Illustration by Sophia Rapata [photo by Sophia Rapata]


Where there's smokeā€¦

It was late when Oscar Timm spotted the hot journal box. The train was only two to three miles from its destination, the Gibson Rail Yard, when he flagged the engine to stop. A hot Journal box must be taken care of. When the wheel bearings encased in the box get hot it can lock up and derail the train, or worse, cause a fire. Gasper pulls the train partially onto a side track, located in Ivanhoe, between Gary and Hammond. Remaining on the main tracks are the sleeper cars and caboose.

As protocol demands Oscar dismounted the caboose with a lantern in hand to place warning flares and emergency torpedoes, sometimes called train torpedoes, behind the train. These torpedoes are placed on the tracks which explode as another train runs over them to warn the engineer of any preceding danger that may lie ahead.

Oscar Timm was seven hundred feet from the caboose when something in the distance caught his attention.  Dark silhouetted plumes blow and billow above the tree tops. A train! He is immediate to react. Quickly, he checks his flares. They are burning brightly. As he lights a fuse, he spots the headlight. Waving the fuse in one hand, the lantern in the other, he shouts and charges towards the oncoming train.

No train whistle blows to confirm Oscar has been spotted. The engineer hasn’t seen him. He than jumps to the other side of the tracks in hopes of warning the fireman that sits opposite of the engineer in the cab of the train. He shouts and waves frantically. Again… no whistle.

Oscar Timm again leaped back to the opposite side of the tracks in one final act of desperation. He takes the lit fuse and throws it, aiming to get it into the window of the engine hoping to gain the engineers attention. It is a good throw. It is on its mark. It HITS the closed window and bounces off in a shower of sparks.

Engineer Gaspar and brakeman Aust sees the failed attempt of Oscar Timm from the cab of Engine Extra 7826. Impact is imminent. They jump from the engine and run towards the caboose.

Oscar, heart sinking, watches as the locomotive lumbers on towards the circus train and its unassuming tenants, sleeping peacefully in their beds.

Train master Whipple watches in horror from the back platform of the caboose as the lit fuse bounces off the train. The troupe engine charges closer and closer. Whether Whipple jumps or is thrown from the train, he was unable to recollect. One hundred and fifty tons of runaway train careens into the stopped circus train and its sleeping inhabitants.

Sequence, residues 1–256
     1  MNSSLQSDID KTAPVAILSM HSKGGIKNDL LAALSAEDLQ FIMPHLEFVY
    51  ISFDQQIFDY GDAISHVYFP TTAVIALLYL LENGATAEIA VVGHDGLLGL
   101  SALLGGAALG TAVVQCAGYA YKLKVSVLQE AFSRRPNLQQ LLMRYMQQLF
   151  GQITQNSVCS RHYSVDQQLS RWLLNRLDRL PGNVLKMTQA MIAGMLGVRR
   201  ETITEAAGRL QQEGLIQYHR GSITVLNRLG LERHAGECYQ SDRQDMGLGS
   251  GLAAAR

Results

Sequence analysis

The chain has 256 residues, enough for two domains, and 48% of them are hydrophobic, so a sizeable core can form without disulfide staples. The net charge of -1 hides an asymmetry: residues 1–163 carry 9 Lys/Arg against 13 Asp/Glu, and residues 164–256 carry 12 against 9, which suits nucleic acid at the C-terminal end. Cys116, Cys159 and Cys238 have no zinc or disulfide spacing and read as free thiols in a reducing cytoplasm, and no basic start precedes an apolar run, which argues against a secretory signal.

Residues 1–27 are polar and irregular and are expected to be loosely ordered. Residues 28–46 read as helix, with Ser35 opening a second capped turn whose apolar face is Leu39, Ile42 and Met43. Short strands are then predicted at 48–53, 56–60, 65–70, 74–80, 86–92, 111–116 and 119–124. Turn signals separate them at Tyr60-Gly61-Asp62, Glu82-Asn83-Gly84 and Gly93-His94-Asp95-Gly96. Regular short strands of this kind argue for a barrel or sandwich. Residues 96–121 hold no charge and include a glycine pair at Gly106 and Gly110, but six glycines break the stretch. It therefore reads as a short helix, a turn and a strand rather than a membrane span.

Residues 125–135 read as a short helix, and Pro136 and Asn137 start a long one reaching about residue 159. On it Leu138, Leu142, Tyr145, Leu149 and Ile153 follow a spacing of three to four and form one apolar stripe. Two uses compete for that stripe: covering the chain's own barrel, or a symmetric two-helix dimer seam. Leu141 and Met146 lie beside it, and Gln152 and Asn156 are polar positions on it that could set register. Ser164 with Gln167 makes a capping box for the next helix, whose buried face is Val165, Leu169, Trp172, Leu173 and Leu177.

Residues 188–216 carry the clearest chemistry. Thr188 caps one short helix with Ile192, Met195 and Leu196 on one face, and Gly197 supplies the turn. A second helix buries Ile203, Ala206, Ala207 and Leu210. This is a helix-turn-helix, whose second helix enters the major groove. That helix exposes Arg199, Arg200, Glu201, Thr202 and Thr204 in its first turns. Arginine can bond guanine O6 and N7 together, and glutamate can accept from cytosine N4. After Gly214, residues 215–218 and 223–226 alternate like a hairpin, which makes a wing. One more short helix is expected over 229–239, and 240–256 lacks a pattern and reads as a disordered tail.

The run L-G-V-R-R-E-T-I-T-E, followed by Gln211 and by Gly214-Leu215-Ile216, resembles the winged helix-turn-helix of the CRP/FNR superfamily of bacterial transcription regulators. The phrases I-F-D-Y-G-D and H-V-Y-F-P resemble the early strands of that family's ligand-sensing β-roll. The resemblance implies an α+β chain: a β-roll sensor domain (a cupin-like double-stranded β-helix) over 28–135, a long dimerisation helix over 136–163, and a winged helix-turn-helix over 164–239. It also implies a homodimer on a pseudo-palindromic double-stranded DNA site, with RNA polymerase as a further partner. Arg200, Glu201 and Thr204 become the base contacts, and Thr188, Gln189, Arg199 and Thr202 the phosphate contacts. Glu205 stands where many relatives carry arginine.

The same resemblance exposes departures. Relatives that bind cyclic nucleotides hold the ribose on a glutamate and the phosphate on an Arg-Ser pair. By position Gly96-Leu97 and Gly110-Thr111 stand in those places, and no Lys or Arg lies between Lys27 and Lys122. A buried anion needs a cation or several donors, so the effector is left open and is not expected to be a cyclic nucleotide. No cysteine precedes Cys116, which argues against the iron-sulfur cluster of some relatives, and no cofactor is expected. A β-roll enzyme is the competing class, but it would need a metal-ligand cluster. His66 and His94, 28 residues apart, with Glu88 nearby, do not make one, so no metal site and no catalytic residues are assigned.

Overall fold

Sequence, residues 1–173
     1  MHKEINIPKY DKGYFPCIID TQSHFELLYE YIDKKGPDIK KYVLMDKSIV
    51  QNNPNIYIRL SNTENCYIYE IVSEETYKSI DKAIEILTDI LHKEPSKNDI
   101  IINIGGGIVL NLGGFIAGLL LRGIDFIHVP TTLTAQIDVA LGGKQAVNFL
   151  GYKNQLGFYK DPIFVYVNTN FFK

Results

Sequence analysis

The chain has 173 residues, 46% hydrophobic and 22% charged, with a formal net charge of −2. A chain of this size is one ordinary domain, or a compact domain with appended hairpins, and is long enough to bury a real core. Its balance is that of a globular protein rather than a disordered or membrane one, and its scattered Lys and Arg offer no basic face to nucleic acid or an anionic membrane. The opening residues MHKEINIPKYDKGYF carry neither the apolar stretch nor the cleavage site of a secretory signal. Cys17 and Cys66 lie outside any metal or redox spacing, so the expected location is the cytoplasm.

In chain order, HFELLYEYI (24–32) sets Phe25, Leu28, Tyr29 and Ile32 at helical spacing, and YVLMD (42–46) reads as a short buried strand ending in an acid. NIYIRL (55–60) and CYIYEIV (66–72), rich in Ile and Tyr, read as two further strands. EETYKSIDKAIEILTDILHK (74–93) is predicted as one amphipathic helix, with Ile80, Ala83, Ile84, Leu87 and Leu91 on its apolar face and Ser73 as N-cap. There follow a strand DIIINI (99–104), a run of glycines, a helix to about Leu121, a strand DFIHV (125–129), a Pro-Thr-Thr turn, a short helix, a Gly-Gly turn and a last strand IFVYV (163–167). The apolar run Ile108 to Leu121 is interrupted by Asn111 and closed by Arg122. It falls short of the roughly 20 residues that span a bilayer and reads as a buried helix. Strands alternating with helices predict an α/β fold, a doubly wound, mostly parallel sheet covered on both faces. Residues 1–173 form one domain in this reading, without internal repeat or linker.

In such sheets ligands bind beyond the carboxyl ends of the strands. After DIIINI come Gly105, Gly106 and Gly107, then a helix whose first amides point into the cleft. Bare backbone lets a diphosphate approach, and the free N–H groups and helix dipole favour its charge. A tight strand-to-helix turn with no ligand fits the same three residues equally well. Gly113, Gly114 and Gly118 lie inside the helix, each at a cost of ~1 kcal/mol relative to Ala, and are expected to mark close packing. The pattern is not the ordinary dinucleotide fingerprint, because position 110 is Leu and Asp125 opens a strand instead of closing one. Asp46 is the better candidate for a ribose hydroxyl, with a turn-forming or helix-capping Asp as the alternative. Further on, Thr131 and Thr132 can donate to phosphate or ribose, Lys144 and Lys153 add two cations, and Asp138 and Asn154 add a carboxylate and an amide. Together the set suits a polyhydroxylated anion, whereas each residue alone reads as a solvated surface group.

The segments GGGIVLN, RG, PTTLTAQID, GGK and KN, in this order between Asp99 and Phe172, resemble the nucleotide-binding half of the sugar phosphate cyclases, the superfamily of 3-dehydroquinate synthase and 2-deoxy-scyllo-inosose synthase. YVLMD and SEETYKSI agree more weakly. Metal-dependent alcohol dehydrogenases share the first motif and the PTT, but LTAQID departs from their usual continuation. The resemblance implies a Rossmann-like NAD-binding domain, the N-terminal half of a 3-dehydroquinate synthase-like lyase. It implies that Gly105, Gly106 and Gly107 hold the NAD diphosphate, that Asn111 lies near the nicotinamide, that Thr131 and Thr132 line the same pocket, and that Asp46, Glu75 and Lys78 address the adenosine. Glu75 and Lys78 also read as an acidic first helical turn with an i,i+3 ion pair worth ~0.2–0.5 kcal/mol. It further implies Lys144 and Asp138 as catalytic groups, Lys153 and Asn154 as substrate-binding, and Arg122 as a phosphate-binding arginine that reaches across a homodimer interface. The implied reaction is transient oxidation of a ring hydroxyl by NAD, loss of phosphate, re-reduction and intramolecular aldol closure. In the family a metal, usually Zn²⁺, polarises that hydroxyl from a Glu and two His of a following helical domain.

At 3:58 in the early morning of June second, 1918 the worst circus train wreck occurred. Those who saw the train coming were witness to the horror that happened next. The cow catcher of Engine Extra 8485, pulling an empty troupe train caught under the caboose of Engine Extra 7826 of the Hagenbeck-Wallace circus. The metal caboose twisted and warped and pushed into the next car, sleeper number five. The wooden car splintered into tiny pieces. Sleeper number sixteen was next and it shattered. Car fifteen split down the middle. Car seventeen had been partially damaged. What was experienced from the inside of those cars must have been maddening. Engine 8485 was only moving at 25 miles per hour, but the bulk pushed it through the bulk of the circus train four to five hundred feet from the initial impact. This was bad. The worse was just starting. It could have been the oil or kerosene lamps. Perhaps it was the battery that powered the electric lights. It may have been the fire box from the troupe train. It could have been a combination. The real cause is unknown. What was known is that a small fire started. Dry and splintered wood from the sleeper cars, however, fuelled it to a raging inferno.

Henry Miller, first assistant light manager, was asleep in the last car, right before the caboose. The sound of splintering wood woke him. Next came three crashes as he was throttled around in his sleeping bunk. He found himself on top of a wreckage of twisted metal, shattered wood and beams. Everything was dark and quiet.

He began his descent down the side of the large mound of debris. Part way down he spied the hand of a trainman who went by the name of “Hickory” poking out of the rubble. Henry tried to pull him free. Hickory in protest told Henry to leave him. It was then that Henry spotted a glow of fire starting to spread across the dry, splintered wood of the wrecked train cars. First it crept, and then it started to leap. Frantic, Henry pulled and pulled.

Just as the flames were starting to reach and wrap around Hickory, Henry pulled him out. They tumbled down the side of the broken hill of horror and landed in a ditch that ran along side of the tracks. Helplessly they sat and watched the debris burn. They could hear the tortured hollers and screams of the people trapped inside.

“Big Joe” Coyle came to on the side of the tracks. Somehow he was thrown from the train during impact. Slightly injured, he came to his feet. His last memory of his family was his wife taking one of his sons to use the facilities. A small cry snapped him to attention. “Oh Papa, help me out of here!” It was his son, “Little Joe.”

Tune in tomorrow for part four of our feature.